'Practical World' True News Magazine by American Road Radio

'Practical World' True News Magazine by American Road Radio
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U.S., Chinese officials meet on cyber security issues: White House

U.S., Chinese officials meet on cyber security issues: White House.

Senior U.S. and Chinese officials concluded four days of meetings on Saturday on
cyber security and other issues, ahead of Chinese President Xi Jinping's visit
to Washington later this month, the White House said.

Cyber security has been a divisive issue between Washington and Beijing, with
the United States accusing Chinese hackers of attacks on U.S. computers, a
charge China denies.

U.S. national security adviser Susan Rice had a "frank and open exchange
about cyber issues" in her meeting this week with Meng Jianzhu, secretary of the
Central Political and Legal Affairs Commission of the Chinese Communist Party,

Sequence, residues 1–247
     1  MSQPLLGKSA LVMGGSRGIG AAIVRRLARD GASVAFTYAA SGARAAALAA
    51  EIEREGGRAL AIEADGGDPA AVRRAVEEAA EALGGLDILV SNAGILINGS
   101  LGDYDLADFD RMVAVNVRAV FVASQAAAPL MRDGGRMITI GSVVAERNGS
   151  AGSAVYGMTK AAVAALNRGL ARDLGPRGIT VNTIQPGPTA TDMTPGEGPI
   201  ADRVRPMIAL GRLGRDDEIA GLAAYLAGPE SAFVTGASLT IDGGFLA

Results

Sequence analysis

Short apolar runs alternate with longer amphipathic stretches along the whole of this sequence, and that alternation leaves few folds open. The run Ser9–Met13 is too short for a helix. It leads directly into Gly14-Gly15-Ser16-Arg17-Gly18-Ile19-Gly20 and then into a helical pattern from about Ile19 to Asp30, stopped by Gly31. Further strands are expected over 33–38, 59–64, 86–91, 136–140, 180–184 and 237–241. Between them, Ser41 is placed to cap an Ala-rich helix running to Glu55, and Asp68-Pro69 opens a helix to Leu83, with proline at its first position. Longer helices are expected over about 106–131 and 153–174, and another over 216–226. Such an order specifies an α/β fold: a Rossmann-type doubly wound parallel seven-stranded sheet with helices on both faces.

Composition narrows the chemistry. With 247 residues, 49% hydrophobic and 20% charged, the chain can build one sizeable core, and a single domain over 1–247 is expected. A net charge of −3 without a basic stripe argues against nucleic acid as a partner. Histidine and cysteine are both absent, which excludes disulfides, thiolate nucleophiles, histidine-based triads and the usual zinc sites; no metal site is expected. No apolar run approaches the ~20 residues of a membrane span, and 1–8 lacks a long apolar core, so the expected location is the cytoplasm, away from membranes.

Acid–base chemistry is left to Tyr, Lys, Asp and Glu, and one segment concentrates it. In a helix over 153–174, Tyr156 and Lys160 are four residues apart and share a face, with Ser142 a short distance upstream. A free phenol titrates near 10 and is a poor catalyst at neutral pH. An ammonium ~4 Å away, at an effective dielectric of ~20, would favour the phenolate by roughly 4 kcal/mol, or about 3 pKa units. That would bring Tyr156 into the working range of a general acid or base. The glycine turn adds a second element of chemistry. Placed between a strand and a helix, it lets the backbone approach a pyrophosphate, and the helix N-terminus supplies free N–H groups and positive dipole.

the White House said in a statement.

The Chinese delegation also had meetings with Federal Bureau of Investigation
Director James Comey and representatives from the Justice, State and Treasury
departments and the intelligence community, the statement said.

China's official Xinhua news agency said that Meng, who is the country's
domestic security chief, had reached "important consensus" with the U.S. during
his visit.

Both countries agree it is "vital" they cooperate on fighting hacking, Meng
said, adding that China will punish anyone who hacks from within China's borders
or steals corporate secrets.

"China's position on opposing hacking and stealing commercial secrets online
is resolute," Xinhua cited Meng as saying.

President Barack Obama said last month he would raise concerns about China's
cyber security behavior when he meets with Xi in Washington.

The Obama administration is considering targeted sanctions against Chinese
individuals and companies for cyber attacks against U.S. commercial targets,
several U.S. officials have said.

Chinese hackers have also been implicated in the massive hacking of the U.S.
government's personnel office disclosed this year. Two breaches of security
clearance applications exposed the personal data of more than 20 million federal
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